''Daytrotter Sessions''

For Borges.
(Note on back of Sleeve)

Sleeve - Front
Sleeve - Back
Vinyl - 'F' Side
Vinyl - 'U' Side
Sleeve (back) & Insert:
Lightweight paper, with photocopied artwork

Tracks: Magic Word B/W David Comes To Life
Released: 2010
Label: Not on Label (Bootleg)
Matrix A: 109820 A
Matrix B: 109821 B
Pressing Info: One Time Pressing of 100 - 8 Test pressings
Variants: No variants


Bootleg record released just ahead of the official versions. This record has two of the songs that appeared on the official version, but not the third.

Some copies came with a magazine, others were sold via Reckless Records in Chicago.

Mentioned on LFG (Feb 06 2010) the day before announcement of official version.

'For Borges' (Credit on Reverse of Sleeve) - From Wikipedia:

Jorge Francisco Isidoro Luis Borges
(Spanish:  24 August 1899 – 14 June 1986) was an Argentine short-story writer, essayist, poet and translator born in Buenos Aires. His work embraces the "character of unreality in all literature". His most famous books, Ficciones ("Fictions", 1944) and The Aleph (El Aleph, 1949), are compilations of short stories interconnected by common themes, including dreams, labyrinths, libraries, mirrors, infinity, fictional writers, philosophy, religion, and God.

Borges wrote and lectured extensively on the art of translation, holding that a translation may improve upon the original, may even be unfaithful to it, and that alternative and potentially contradictory renderings of the same work can be equally valid. Borges also employed the devices of literary forgery and the review of an imaginary work, both forms of modern pseudo-epigrapha.

Hoaxes and forgeries: Borges's best-known set of literary forgeries date from his early work as a translator and literary critic with a regular column in the Argentine magazine El Hogar. Along with publishing numerous legitimate translations, he also published original works, for example, in the style of Emanuel Swedenborg or One Thousand and One Nights, originally claiming them to be translations of works he had chanced upon. In another case, he added three short, falsely attributed pieces into his otherwise legitimate and carefully researched anthology El matrero.Several of these are gathered in the A Universal History of Infamy.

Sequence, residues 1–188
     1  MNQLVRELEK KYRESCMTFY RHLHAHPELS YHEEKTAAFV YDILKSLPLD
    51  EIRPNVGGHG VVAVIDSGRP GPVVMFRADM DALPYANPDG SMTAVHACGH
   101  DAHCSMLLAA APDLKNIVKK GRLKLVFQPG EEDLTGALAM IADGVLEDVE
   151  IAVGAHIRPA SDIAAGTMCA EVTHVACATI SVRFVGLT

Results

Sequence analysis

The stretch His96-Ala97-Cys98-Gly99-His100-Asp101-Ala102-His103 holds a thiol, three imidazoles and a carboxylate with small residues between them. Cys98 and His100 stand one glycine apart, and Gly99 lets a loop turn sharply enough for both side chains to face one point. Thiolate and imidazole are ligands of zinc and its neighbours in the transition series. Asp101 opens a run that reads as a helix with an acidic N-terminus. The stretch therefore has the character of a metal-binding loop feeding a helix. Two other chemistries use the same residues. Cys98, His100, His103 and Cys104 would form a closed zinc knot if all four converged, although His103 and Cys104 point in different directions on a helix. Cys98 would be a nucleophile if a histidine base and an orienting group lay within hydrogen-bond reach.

Borgesian conundrum: The philosophical term "Borgesian conundrum" is named after him and has been defined as the ontological question of "whether the writer writes the story, or it writes him." The original concept put forward by Borges is in Kafka and His Precursors—after reviewing works that were written before Kafka's, Borges wrote:

Sleeve Notes:

Sleeve Image: ''Interior'' by Vilhelm Hammershoi
From Michael Palin Article: Then, three years ago, riffling through a pile of books in a covered arcade in Paris, I found myself staring at the back of a woman in a simple black dress standing in a corner of a room with panelled doors on either side of her and a glow of light on the nape of her neck. It was the cover of a catalogue devoted to "Vilhelm Hammershoi, Danish painter of solitude and light".

Insert Image: Engraving by Walter Crane commemorating those convicted of involvement of the bombing at the  Haymarket Riot. Some of the men pictured were executed shortly after the event, others were later pardoned. 

The Haymarket riot was influential in the establishment of the International Workers Day (May Day) National holidays.

Garland for May Day: This is another Walter Crane engraving. The image was used by Fucked Up on shirts and show posters.

Commodity Fetishism:

Test Press: The TP sleeve also has well observed Fucked-Up-isms: The front is an illustration from ''A Book of Old Rhymes, With New Dresses'' By Walter Crane, making a nice reference to the Daytrotter Sessions:

Test Pressing Sleeve - Front

The back of the sleeve is another Walter Crane illustration, this one titled the 'Fox & the Crane' from an edition of Aesops Fables. The moral of the story: 'There are games that two can play at'

Test Pressing Sleeve - Back